It turns out that with this merger and technological acquisition, Hyundai is one of the only companies to be able to do build every kind of transmission.
We aren't the largest fans of the continuously variable transmission, what with its rubber-band like operation that can feel a little unsettling when you're really on the gas pedal - but we also can't deny that they are incredibly efficient, and more modern iterations have improved vastly from their not-so-pleasant beginnings. Hyundai is the latest to join the fray with their IVT, or Intelligent Variable Transmission, thanks to their merger between Hyundai Powertech and Hyundai Dymos.
The new transmission will be featured in the latest Hyundai Elantra, which will be launching in Malaysia in the coming weeks or months. Powering the Elantra that we will be receiving is a 1.6-litre Smartstream naturally-aspirated petrol engine that makes 123 hp and 154 Nm of torque - and the IVT will be the bridge between the engine and the front wheels.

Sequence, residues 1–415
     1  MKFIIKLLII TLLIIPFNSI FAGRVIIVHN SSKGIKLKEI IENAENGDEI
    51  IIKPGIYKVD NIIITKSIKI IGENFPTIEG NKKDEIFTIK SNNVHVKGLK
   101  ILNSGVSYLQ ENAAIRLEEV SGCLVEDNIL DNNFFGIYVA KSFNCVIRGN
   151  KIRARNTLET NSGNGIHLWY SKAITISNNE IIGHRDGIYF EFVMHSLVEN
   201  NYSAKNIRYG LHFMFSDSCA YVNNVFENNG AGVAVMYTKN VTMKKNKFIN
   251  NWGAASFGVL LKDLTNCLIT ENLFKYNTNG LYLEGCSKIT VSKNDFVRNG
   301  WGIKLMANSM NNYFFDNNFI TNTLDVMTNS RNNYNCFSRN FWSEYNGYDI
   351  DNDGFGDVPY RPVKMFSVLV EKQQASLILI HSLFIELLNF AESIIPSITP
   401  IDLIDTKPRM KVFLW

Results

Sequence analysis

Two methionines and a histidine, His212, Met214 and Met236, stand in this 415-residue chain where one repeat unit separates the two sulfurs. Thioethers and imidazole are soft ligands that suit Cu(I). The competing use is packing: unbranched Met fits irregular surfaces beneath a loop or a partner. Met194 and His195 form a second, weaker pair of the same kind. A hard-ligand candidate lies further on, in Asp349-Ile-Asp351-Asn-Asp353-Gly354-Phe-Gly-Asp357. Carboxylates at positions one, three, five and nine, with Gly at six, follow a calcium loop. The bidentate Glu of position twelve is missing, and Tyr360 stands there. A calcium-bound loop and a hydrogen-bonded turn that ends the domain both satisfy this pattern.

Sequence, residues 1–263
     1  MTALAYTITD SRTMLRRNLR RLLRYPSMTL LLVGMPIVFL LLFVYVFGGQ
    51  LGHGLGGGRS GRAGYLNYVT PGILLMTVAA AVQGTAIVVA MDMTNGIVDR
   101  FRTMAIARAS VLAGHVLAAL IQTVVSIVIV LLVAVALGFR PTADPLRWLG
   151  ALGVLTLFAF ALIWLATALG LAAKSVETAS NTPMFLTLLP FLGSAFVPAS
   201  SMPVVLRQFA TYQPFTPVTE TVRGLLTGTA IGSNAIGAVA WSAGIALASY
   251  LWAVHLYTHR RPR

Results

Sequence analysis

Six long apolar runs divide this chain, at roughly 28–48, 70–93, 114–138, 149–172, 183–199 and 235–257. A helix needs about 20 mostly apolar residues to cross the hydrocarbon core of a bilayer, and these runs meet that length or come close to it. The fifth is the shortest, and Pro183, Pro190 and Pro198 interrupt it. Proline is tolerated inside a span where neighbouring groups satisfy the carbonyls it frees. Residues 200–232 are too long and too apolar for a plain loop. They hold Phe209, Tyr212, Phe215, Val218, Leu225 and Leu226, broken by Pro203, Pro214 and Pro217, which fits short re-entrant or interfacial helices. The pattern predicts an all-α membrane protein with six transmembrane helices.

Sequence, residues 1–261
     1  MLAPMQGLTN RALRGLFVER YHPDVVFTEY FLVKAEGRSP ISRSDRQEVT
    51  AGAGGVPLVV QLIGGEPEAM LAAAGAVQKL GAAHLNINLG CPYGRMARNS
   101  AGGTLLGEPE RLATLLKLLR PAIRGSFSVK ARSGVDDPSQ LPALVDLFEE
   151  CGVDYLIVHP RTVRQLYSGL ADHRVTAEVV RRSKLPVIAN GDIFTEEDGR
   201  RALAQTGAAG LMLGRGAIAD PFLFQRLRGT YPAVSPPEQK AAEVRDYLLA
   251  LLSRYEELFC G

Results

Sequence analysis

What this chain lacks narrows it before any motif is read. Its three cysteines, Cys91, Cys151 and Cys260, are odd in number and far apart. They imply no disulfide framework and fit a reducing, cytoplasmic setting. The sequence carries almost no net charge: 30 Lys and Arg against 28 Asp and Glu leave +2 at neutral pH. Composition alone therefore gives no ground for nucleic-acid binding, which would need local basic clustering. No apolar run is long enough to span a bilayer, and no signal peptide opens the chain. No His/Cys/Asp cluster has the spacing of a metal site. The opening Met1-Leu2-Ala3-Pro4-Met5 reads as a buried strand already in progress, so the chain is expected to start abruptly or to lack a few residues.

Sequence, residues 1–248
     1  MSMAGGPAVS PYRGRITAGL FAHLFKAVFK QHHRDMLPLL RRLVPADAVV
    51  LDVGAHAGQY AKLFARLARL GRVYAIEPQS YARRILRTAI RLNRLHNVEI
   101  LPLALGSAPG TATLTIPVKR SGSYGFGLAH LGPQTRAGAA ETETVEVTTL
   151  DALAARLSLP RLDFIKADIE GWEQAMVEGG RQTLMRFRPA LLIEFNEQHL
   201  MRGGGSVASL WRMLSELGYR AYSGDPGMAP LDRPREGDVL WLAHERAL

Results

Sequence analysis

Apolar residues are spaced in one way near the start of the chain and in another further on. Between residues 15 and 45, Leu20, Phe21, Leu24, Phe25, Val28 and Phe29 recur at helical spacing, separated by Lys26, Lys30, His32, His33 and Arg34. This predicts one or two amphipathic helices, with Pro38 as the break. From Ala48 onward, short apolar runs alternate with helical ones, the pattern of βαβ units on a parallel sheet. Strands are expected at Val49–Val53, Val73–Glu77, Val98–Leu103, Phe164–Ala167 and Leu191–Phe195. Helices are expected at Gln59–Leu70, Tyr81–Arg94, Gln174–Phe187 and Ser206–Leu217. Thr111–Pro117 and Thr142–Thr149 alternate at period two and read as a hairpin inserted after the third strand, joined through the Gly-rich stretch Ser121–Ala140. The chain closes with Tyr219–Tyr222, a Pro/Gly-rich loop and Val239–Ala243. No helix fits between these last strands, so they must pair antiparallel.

What makes the IVT different is that, well, it's a little more robust and quick to respond as it uses chains instead of belts to transfer power from one pulley to another. That in essence is the nature of a CVT's operation - two variable pulley sizes that act like two gears on a bike, changing in size to change the ratio of speed between the engine and the wheels.
In addition to the more fluid operation, the IVT boasts a 4.2 percent improvement in fuel efficiency and a 5 to 8 percent reduction in power loss, which are both great things for us.